The admixture may further contain (be mixed with) fumed silica, titania or rare earth oxides prior to being foamed, cured and fired. Also, the coating may be embedded with (contain) fluorescing additives such as europium oxide or other rare earth oxides to provide the coating with the capability to be monitored in situ while the turbine is operating.

The admixture may be applied using commercially available two-nozzle spray technology. The admixture may be applied as a foam to a superalloy substrate, and subsequently cured at a suitable temperature, for example, between 1000 C. and 1100 C.

The components are especially useful as gas turbine components such as turbane blades and turbane vanes.

As shown in FIG. 1, such a component (blade) (10) includes an airfoil section (12) against which hot combustion gases are directed when the engine operates, and whose surface is subjected to severe oxidation and corrosion attack during service. If the surface of the airfoil section (12) is not protected against oxidation and corrosion in some fashion, it will last at most only a few cycles of operation. The airfoil section (12) is anchored to a turbine disk (not shown) through a root section (14). In some cases, cooling passages (16) are present in the airfoil section (12), through which cool bleed air is forced to remove heat from the blade (10). The blade (10) is normally prepared by a casting and solidification procedure well known to those skilled in the art, such as investment casting or, more preferably, directional solidification or single crystal growth.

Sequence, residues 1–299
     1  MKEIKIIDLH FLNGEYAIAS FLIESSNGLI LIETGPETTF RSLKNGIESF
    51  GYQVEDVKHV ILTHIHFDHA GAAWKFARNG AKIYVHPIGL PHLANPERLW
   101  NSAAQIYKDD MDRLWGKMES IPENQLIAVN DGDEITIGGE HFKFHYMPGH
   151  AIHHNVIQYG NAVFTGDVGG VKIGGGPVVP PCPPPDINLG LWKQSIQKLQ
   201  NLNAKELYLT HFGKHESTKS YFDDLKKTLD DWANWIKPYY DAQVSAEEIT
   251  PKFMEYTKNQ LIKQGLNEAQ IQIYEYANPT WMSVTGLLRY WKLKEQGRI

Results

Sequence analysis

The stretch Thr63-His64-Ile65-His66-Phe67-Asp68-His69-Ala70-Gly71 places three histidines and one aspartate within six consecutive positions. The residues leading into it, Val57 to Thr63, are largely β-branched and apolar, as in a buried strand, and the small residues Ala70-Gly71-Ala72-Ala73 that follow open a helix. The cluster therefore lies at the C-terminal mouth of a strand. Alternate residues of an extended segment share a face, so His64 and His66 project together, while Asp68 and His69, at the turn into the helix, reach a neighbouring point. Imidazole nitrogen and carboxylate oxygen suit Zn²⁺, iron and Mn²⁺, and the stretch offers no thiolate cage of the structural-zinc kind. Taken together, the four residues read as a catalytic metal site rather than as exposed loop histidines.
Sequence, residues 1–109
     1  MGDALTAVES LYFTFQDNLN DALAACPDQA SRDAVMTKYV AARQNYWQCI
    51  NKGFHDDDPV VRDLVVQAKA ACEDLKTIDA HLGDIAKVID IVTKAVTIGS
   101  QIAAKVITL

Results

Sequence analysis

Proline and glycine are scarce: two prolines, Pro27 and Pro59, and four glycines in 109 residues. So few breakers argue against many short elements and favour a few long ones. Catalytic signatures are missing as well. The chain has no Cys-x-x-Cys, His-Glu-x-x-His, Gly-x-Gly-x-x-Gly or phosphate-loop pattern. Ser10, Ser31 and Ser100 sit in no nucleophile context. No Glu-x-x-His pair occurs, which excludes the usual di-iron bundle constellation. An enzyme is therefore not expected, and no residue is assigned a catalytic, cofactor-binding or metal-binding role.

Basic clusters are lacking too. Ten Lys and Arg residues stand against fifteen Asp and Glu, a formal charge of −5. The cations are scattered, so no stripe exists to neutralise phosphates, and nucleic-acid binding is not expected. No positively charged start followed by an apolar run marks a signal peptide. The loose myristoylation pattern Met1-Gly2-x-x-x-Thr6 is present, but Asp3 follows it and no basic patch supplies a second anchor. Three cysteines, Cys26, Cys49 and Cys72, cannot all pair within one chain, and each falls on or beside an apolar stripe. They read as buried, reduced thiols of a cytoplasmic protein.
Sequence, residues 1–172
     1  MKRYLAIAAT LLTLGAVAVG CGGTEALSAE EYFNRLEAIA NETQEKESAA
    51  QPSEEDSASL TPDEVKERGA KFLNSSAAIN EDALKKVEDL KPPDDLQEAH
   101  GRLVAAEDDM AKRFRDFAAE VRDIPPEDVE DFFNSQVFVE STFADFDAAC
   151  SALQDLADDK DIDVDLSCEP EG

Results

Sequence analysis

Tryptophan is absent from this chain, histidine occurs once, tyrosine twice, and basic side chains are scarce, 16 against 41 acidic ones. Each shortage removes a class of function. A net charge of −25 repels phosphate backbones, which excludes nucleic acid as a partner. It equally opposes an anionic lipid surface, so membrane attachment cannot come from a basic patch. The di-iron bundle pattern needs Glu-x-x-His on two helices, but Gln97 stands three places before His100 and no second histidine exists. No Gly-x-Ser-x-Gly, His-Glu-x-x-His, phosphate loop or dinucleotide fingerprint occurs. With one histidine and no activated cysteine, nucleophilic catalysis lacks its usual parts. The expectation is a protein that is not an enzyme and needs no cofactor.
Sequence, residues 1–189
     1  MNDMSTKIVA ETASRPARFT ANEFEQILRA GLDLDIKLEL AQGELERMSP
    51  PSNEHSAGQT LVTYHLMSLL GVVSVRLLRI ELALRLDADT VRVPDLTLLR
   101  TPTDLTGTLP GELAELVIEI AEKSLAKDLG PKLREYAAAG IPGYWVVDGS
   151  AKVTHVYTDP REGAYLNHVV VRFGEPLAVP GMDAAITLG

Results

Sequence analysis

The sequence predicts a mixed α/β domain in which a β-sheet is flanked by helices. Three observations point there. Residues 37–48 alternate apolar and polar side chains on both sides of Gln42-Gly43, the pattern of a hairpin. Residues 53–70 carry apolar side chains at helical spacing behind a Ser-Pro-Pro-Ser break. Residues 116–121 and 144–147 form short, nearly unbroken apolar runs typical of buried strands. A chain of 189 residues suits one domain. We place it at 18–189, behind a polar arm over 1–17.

As shown in FIG. 2, the coating of the present invention is applied over an optional base coating (24) overlying the substrate (22). As shown in FIG. 2, a ceramic thermal barrier coating (26) is applied overlying the base coating (24). Base coatings are well known and are useful for enhancing adhesion between thermal barrier coatings and substrates.

Thus, the present approach provides an advancement in the protection of superalloy substrates, and more particularly nickel-base superalloy substrates by protective coatings.

Although the present invention has been described in connection with specific examples and embodiments, it will be understood by those skilled in the arts involved, that the present invention is capable of modification without departing from its spirit and scope as represented by the appended claims.

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US7556851Jan 12, 2006Jul 7, 2009Siemens AktiengesellschaftCoated component and production process
US7772147Sep 12, 2005Aug 10, 2010Johnson Matthey Public Limited CompanyCatalyst carrier substrate coated with washcoat comprising fibrous material
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Classifications
U.S. Classification428/447, 428/457, 428/450
International ClassificationC23C30/00, C23C28/00, F01D5/28, B05D7/14
Cooperative ClassificationF01D5/288, Y02T50/671, C23C28/00, Y10T428/31663, C23C30/00, Y02T50/67, Y10T428/31678, B05D7/14
European ClassificationC23C30/00, F01D5/28F, B05D7/14, C23C28/00